- analysing existing published clinical data plus some unpublished data
- performing statistically based risk assessments
- ensuring the data is scientifically and clinically sound, defensible and transparent
- aiming to protect the vast majority of people with food allergy
The recommendations from the VSEP form the scientific framework for the current iteration of the VITAL Program and VITAL Online. The VSEP continues to be a key part of the VITAL Program by evaluating newly available data that will inform any changes to the Reference Doses.
The Allergen Bureau was established. This was an initiative of the AFGC Allergen Forum to provide information, practical tools and contacts for the food industry to improve management of food allergens and derived ingredients.
VITAL (Voluntary Incidental Trace Allergen Labelling) Program, including first version of the VITAL calculator, was launched as a tool for the food industry in Australia and New Zealand. The VITAL Program is managed by the Allergen Bureau
The VITAL Program is included in the Australian Food and Grocery Council (AFGC) – Food Industry Guide – Allergen Management and Labelling
The VITAL Program review commenced, including the establishment of the VITAL Scientific Expert Panel (VSEP)
The VSEP determine References Doses for a range of commonly recognised allergens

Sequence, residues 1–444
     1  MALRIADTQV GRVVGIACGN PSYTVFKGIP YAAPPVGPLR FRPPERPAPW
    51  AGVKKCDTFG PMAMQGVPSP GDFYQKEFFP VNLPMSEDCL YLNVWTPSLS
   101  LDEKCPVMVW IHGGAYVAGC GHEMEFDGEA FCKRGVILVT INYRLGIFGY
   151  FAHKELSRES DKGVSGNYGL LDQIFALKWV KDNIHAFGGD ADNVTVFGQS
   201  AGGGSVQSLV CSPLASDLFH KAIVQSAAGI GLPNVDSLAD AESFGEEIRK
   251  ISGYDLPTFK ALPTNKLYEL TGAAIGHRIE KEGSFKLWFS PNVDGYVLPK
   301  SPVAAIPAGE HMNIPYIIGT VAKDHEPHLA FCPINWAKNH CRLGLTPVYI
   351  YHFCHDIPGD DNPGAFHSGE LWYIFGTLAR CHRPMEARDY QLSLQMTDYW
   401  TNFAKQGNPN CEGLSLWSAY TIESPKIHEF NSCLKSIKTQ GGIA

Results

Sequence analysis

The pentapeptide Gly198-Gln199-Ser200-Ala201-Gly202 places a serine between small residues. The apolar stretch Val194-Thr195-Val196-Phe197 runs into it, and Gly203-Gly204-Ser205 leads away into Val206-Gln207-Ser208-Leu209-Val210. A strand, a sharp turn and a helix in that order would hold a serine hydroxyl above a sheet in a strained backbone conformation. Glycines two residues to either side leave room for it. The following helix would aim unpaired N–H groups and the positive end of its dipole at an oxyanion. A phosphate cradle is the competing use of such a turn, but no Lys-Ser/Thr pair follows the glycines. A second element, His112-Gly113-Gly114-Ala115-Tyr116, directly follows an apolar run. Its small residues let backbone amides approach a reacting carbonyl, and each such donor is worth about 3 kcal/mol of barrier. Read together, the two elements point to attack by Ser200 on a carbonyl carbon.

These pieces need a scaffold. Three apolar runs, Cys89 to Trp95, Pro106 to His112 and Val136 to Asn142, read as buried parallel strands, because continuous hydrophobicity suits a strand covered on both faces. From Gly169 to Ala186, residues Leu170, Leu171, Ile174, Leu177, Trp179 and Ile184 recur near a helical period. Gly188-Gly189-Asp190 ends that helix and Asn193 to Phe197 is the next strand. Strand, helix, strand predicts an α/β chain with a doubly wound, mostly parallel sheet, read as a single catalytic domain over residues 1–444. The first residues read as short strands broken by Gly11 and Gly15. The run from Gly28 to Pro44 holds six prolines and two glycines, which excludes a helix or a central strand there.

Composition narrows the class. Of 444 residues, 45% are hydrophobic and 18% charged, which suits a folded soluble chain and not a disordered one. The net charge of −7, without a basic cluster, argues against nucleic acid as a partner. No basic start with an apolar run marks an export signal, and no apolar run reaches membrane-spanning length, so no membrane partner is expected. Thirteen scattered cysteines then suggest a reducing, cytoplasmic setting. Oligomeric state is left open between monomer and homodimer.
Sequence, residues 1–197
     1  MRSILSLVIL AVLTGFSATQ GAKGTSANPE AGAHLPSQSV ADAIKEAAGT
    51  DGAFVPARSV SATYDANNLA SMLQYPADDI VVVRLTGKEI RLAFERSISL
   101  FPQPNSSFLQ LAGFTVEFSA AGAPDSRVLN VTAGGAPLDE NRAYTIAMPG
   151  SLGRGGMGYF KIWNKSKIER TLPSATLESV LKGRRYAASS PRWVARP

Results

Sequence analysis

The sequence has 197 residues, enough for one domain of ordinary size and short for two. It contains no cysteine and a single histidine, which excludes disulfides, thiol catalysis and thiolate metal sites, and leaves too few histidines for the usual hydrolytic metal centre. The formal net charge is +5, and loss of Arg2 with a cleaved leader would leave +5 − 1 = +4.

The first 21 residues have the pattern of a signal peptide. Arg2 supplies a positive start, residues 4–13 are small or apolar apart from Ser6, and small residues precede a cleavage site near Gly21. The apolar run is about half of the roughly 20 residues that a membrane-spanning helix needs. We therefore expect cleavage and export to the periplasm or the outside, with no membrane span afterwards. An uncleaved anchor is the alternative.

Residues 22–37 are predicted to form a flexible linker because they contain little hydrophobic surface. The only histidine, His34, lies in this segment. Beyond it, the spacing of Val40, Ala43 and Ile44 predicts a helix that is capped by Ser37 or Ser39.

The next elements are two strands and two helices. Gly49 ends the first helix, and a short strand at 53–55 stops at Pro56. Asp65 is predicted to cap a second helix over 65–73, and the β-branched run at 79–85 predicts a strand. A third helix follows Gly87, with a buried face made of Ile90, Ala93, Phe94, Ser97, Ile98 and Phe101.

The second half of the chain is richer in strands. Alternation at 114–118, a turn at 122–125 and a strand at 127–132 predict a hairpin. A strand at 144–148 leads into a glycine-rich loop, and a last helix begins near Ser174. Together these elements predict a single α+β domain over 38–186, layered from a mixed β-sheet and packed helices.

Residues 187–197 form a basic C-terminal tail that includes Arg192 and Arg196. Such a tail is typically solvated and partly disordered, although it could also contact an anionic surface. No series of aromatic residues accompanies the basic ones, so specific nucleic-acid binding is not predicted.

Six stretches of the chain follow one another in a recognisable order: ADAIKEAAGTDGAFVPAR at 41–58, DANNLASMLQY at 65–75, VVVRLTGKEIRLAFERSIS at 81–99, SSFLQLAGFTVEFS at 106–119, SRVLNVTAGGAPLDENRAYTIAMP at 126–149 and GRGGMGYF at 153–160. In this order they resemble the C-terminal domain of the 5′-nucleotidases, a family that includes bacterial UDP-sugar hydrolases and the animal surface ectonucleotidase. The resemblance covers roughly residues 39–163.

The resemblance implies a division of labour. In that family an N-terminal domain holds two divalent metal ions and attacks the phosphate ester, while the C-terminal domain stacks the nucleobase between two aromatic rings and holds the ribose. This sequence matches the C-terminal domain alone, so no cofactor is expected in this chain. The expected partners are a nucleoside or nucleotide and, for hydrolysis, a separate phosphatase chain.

Release of the VITAL Program Version 2.0 and associated tools, including the VITAL calculator
The VSEP reconvened at FAMS2015, Sydney, and agreed to: combine and review the VITAL data with the EUROPREVALL data; establish protocols/criteria to signal a Reference Dose review; and progress work on consumption data
The VSEP reconvened at FAAM, Rome. Conducted the ‘one-shot’ peanut trial.
The VSEP reconvened at FAMS2017, Sydney, and agreed to: develop model averaging methodology; continue to gather threshold data; continue to look for clinical data for other allergens; and progress work on consumption data.
Worked towards completion of the model averaging project. The VSEP reconvened at EAACI-FAAM, Copenhagen, in October 2018.
Model averaging project completed. The VSEP reconvened at FAMS2019, Melbourne, in May 2019. Results of modelling averaging project presented at FAMS2019.
VSEP Recommendations 2019 to be incorporated by the Allergen Bureau into VITAL Program Version 3.0.
The review process
The VSEP reviewed the data from clinical (low-dose oral) food challenges from both published and unpublished studies. The papers were sourced from Australia, the United States and the European Union and over 1800 clinical data points were collated. The data included in the review was required to meet defined quality criteria to ensure the resulting allergen thresholds were statistically sound. The data set was analysed by applying three statistical models applied to the individual NOAELs and LOAELs for each allergenic food, and by using a dose-distribution modelling approach so that the results were predictive for the entire population. No additional uncertainty factors were applied because ED01 or lower than 95% confidence intervals of ED05 were used.
The following papers discuss the process for how the Reference Doses within VITAL 2.0 were developed.
- Taylor et al (2014) Establishment of reference doses for residues of allergenic foods: report of the vital expert panel, food and chemical toxicology. Food Chem Toxicol 63: 9–17.